I got the impression that they had a set date they were supposed to make the "big reveal" and we wouldn't have heard anything about it at all if there weren't leaks. I'm guessing they want to be able to talk about all the discoveries they made at the same time, rather than being like "Sorry, guys, work in progress."
The full announcement is supposed to be made sometime this year, so I guess we'll here more soon. Hopefully.



posted on Apr, 15 2015 @ 12:58 PM
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a reply to: StalkerSolent

Well, gloryosky! I learned something new today. I had indeed missed that article of January 2015.

Nice find.

Here's what may be the kicker though:



The business and personal letters sometimes have dates on them, he said. When the glue was dissolved, the researchers dated the first-century gospel in part by analyzing the other documents found in the same mask.


That sounds good and reasonable ... there's a dated letter in the same mask? Awesome ... but then ...



Soon after the 2012 leak, speculation surrounded the methods that the scholars used to figure out the gospel's age.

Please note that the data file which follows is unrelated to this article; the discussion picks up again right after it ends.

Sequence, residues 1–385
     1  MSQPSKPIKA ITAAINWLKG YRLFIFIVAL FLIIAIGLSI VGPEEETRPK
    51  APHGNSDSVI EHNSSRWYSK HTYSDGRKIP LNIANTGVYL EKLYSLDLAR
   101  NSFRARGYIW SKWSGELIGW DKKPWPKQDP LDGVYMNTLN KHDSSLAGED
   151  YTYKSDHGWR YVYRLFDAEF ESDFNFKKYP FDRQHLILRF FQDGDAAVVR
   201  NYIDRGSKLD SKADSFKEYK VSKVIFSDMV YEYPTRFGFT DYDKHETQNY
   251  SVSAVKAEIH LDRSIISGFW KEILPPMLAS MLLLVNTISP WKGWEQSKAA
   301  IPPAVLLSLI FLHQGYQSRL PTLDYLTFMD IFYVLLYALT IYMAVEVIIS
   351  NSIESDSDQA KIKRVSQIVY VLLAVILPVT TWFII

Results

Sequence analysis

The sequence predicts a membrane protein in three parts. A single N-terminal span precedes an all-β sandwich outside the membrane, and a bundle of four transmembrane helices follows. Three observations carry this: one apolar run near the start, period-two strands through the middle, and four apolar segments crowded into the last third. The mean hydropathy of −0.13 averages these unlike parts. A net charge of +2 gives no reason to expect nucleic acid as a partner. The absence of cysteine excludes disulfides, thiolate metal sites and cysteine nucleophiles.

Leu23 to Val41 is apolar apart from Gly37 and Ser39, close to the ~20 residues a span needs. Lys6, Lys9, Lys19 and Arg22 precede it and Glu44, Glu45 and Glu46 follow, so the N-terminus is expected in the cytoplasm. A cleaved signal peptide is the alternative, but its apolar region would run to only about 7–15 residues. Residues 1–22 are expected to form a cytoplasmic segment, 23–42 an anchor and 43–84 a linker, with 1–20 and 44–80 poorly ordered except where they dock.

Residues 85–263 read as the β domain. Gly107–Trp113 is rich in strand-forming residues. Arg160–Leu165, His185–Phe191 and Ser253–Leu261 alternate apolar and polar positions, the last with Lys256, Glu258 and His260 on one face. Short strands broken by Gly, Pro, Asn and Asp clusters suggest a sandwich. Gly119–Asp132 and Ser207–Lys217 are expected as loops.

Evans says that the text was dated through a combination of carbon-14 dating, studying the handwriting on the fragment and studying the other documents found along with the gospel. These considerations led the researchers to conclude that the fragment was written before the year 90. With the nondisclosure agreement in place, Evans said that he can't say much more about the text's date until the papyrus is published.


I guess we'll see what the final number is. I'll also be interested to see the other documents recovered!

Mark is generally agreed upon as the oldest gospel ... but one wonders if they might actually uncover "Q" with this method.